Forms on Edge : an installation of paintings at AirSpace Project, 2016

An idea that has sustained my visual explorations is the relationships body forms in the space it inhabits. 'Relationships' encapsulate the experiences of the body in a myriad of affects and effects, both tangible and intangible. The narrative framework is told through a female body of a perpetual migrant with a culture of birth that is predominantly patriarchal. During resettlement and adaptation, which brought changes to traditionally assigned roles. Negotiations for place and roles in the new community at large, and at a micro level within the family unit, were acutely felt. These experiences form the basis of the visual framework for the exhibition.

This body of work contemplates the interaction of forms within a given space, where forms are as much ‘made’ by negative space (white gallery walls), as through intersections of forms, both visible and invisible.

Painted surfaces define the edges of forms. They lend identity to the forms in space. Edges reveal the journey taken to arrive at this surface. They mark the site of encounters, the junctures of beginnings and ends. They document and express the nature of occurred changes, interactions, and interruptions that created these forms. These inform the emotive quality of the inter-relations of the shapes and the space they inhabit.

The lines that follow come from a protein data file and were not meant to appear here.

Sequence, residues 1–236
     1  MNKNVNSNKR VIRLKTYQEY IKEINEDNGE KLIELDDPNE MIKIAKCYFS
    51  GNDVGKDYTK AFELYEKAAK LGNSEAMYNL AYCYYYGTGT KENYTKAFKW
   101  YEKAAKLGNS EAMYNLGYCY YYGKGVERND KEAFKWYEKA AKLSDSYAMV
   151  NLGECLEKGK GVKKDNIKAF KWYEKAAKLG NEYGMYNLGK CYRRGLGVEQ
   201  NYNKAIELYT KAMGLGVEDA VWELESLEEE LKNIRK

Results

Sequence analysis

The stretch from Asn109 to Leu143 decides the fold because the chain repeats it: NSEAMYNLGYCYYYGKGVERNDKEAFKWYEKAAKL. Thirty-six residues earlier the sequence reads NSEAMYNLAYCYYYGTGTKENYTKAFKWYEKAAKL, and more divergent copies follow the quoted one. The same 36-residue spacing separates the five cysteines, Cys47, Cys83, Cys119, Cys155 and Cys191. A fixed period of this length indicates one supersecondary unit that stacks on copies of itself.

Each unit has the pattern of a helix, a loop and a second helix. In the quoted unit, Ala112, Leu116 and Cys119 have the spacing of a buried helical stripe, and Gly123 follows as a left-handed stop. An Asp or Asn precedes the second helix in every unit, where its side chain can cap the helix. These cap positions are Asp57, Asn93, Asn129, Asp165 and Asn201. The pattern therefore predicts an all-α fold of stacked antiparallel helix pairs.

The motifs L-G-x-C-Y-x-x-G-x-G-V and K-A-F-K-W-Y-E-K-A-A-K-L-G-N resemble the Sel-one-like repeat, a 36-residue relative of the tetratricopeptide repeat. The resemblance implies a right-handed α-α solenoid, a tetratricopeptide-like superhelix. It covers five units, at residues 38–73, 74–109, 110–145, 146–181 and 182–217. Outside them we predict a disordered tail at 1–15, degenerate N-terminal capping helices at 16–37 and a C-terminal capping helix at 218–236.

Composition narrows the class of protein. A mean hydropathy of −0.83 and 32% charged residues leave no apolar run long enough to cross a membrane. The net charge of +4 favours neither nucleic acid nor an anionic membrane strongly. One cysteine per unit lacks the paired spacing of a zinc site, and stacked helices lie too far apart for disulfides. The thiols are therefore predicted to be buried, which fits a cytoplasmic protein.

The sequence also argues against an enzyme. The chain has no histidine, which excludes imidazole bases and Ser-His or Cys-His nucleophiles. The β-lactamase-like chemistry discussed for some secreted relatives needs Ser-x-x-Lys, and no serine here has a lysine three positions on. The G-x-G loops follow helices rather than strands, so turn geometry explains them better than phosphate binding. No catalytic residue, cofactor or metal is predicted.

Earlier this year, a Tokyo residency has revivified feelings of being a foreigner in a predominantly monocultural and patriarchal society. The residency provided another nuance to the experience as an 'outsider'. With my physical attributes, there is a sense that I belong while walking and standing among locals, and yet a language barrier impeded cultural access, so I was automatically assigned as an outsider.

Forms on Edge aims to capture the social emotion space experienced through the part taking of the human 'tribe' where identity and assigned roles, real or perceived, play an integral part in the making of social fabric. In a time where living with changes and being amongst differences predominate the global social consciousness, it is an age-old narrative that remains prevalent to this day. This exhibition hopes to contribute this continual dialogue. Using the minimalist field painting as a form of expression to visualise emotions in enclosed spaces, it also aims to engage the viewers at large to form their own narratives.

© 2016 Anie Nheu. Images by Lyrebird Photography